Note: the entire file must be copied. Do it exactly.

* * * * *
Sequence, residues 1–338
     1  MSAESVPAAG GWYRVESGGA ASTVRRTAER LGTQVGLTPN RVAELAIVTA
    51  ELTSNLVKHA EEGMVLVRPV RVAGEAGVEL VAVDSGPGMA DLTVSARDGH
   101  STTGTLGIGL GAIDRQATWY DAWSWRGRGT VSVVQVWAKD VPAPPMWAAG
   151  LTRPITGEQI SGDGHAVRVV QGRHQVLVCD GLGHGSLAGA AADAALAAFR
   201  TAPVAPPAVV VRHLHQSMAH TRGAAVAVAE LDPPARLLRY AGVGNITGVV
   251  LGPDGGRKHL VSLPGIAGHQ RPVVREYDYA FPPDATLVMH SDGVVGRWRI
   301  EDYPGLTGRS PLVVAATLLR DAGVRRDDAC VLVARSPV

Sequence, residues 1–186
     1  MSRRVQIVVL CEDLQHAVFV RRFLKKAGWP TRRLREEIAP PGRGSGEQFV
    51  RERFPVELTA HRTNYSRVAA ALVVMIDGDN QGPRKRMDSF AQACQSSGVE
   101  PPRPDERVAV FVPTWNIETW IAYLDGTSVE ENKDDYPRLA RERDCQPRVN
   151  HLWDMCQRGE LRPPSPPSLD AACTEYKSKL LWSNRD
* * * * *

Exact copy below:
Sequence, residues 1–338
     1  MSAESVPAAG GWYRVESGGA ASTVRRTAER LGTQVGLTPN RVAELAIVTA
    51  ELTSNLVKHA EEGMVLVRPV RVAGEAGVEL VAVDSGPGMA DLTVSARDGH
   101  STTGTLGIGL GAIDRQATWY DAWSWRGRGT VSVVQVWAKD VPAPPMWAAG
   151  LTRPITGEQI SGDGHAVRVV QGRHQVLVCD GLGHGSLAGA AADAALAAFR
   201  TAPVAPPAVV VRHLHQSMAH TRGAAVAVAE LDPPARLLRY AGVGNITGVV
   251  LGPDGGRKHL VSLPGIAGHQ RPVVREYDYA FPPDATLVMH SDGVVGRWRI
   301  EDYPGLTGRS PLVVAATLLR DAGVRRDDAC VLVARSPV

Sequence, residues 1–186
     1  MSRRVQIVVL CEDLQHAVFV RRFLKKAGWP TRRLREEIAP PGRGSGEQFV
    51  RERFPVELTA HRTNYSRVAA ALVVMIDGDN QGPRKRMDSF AQACQSSGVE
   101  PPRPDERVAV FVPTWNIETW IAYLDGTSVE ENKDDYPRLA RERDCQPRVN
   151  HLWDMCQRGE LRPPSPPSLD AACTEYKSKL LWSNRD